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Periodical article Periodical article Leiden University catalogue Leiden University catalogue WorldCat catalogue WorldCat
Title:Gendered Ritual Dualism in a Patrilineal Society: Opposition and Complementarity in Kulere Fertility Cults
Author:Frank, Barbara
Periodical:Africa: Journal of the International African Institute
Geographic term:Nigeria
gender relations
rites of passage
women's organizations
soil fertility
Peoples of Africa (Ethnic Groups)
Religion and Witchcraft
Women's Issues
Cultural Roles
Fertility and Infertility
Marital Relations and Nuptiality
Labor and Employment
External link:https://www.jstor.org/stable/3556931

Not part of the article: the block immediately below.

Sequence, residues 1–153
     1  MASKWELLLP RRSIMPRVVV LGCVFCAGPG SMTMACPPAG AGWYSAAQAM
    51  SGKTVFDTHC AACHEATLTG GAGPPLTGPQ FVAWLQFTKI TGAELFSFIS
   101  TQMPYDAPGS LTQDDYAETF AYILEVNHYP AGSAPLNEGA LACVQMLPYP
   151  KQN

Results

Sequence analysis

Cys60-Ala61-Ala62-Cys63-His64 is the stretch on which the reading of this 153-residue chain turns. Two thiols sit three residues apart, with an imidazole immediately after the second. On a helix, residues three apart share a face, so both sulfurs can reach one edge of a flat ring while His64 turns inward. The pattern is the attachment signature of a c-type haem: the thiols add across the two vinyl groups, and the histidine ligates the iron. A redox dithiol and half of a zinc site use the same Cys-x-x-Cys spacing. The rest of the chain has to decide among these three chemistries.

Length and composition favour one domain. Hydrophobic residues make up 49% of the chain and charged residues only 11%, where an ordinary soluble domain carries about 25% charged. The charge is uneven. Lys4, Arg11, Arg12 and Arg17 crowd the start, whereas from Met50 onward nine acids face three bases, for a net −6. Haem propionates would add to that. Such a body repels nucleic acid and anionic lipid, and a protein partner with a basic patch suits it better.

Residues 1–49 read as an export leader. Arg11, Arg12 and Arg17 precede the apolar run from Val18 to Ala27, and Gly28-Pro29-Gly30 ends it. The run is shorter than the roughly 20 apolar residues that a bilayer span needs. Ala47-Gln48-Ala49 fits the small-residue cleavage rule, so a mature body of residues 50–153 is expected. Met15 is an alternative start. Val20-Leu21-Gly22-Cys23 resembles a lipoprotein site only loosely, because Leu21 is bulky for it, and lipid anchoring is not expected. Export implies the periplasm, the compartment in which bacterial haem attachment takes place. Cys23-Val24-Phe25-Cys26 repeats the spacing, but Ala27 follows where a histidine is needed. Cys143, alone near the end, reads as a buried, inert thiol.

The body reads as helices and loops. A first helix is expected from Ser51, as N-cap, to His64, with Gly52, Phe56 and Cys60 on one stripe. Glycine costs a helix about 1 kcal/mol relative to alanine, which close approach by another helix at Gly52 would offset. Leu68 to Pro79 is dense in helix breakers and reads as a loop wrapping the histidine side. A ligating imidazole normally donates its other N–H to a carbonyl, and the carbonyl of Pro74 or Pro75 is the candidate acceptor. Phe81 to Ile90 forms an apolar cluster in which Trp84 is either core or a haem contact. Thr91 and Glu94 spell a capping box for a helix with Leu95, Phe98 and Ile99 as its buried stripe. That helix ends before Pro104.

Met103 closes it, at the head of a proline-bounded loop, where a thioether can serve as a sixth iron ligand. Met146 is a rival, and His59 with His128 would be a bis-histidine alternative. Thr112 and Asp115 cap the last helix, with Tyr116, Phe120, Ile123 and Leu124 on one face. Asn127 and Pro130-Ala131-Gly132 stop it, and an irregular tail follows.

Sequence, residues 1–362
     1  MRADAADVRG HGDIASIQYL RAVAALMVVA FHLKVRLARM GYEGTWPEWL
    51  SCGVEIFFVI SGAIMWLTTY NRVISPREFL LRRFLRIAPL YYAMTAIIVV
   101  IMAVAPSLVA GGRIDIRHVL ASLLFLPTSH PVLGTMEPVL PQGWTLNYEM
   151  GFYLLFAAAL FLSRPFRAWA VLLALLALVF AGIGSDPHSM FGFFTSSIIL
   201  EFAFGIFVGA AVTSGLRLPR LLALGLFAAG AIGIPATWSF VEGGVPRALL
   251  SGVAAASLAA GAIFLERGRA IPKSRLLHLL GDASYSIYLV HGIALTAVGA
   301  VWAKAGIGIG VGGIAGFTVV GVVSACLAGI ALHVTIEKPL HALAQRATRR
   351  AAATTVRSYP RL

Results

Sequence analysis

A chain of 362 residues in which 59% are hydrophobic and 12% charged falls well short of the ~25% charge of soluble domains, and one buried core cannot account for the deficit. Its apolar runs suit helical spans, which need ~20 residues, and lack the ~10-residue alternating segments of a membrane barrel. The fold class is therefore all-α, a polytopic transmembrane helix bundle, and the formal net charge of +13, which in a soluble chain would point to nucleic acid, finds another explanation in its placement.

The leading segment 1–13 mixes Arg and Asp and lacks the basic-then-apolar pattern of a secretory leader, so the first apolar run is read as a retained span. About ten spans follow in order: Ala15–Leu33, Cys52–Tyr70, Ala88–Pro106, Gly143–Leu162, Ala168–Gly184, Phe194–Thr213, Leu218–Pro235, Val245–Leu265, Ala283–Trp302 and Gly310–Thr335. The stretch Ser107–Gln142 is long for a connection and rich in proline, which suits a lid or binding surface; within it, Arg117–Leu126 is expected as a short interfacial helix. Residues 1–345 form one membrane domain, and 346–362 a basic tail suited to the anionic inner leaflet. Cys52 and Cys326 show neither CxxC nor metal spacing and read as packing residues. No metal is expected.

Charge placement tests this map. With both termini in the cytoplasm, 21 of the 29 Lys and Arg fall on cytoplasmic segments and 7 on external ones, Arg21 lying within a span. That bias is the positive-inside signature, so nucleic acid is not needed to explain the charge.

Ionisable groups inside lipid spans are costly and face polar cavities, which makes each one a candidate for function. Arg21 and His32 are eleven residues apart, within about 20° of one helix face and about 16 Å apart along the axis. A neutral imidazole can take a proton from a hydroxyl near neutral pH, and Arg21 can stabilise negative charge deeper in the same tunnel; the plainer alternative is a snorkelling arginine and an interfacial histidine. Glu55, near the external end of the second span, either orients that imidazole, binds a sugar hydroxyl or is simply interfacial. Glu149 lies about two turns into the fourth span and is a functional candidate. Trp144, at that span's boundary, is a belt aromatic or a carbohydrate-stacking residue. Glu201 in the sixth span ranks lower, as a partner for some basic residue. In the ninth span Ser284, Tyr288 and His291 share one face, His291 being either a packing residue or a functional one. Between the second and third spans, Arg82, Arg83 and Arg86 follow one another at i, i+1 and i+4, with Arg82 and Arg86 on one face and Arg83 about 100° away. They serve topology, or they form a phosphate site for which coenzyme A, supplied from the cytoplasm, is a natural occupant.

Abstract:Although a favourable position for women is usually anticipated where they occupy important economic roles in the context of matrilineal descent, such a position may well exist in a patrilineal society, especially if women organize. The present article examines such a women's association among the Kulere in middle-belt Nigeria. It focuses mainly on the manner in which through the cooperation of certain men's and women's associations 'gender symmetry' is ritually expressed in the sphere of agriculture and fertility. The practical foundation of this symmetry in fertility cults is a relatively even division of labour between the sexes and a favourable position for women in marriage, since they can decide independently whether to stay with a husband or leave him. Cult associations are predominant in public life. Women are strictly excluded from men's associations which hold political-ritual offices and channel advantages in ritual consumption to men. Notwithstanding this exclusion, women have their own association in which they can regulate their own affairs as well as pass decisions for the whole community including the men. The women's organization holds major responsibilities for the protection and the fertility of the fields, both practically as well as ritually. In this responsibility the women's association cooperates with a men's association. This association of males protects the fields through the presence of supernatural guardians which is sometimes staged in masquerades. The corresponding duties and cooperation of both associations are enacted ritually through the use of common shrines and when the women contact water spirits to increase the harvest under the protection of male masqueraders. Bibliogr., notes, ref., sum. in English and French. [Journal abstract, edited]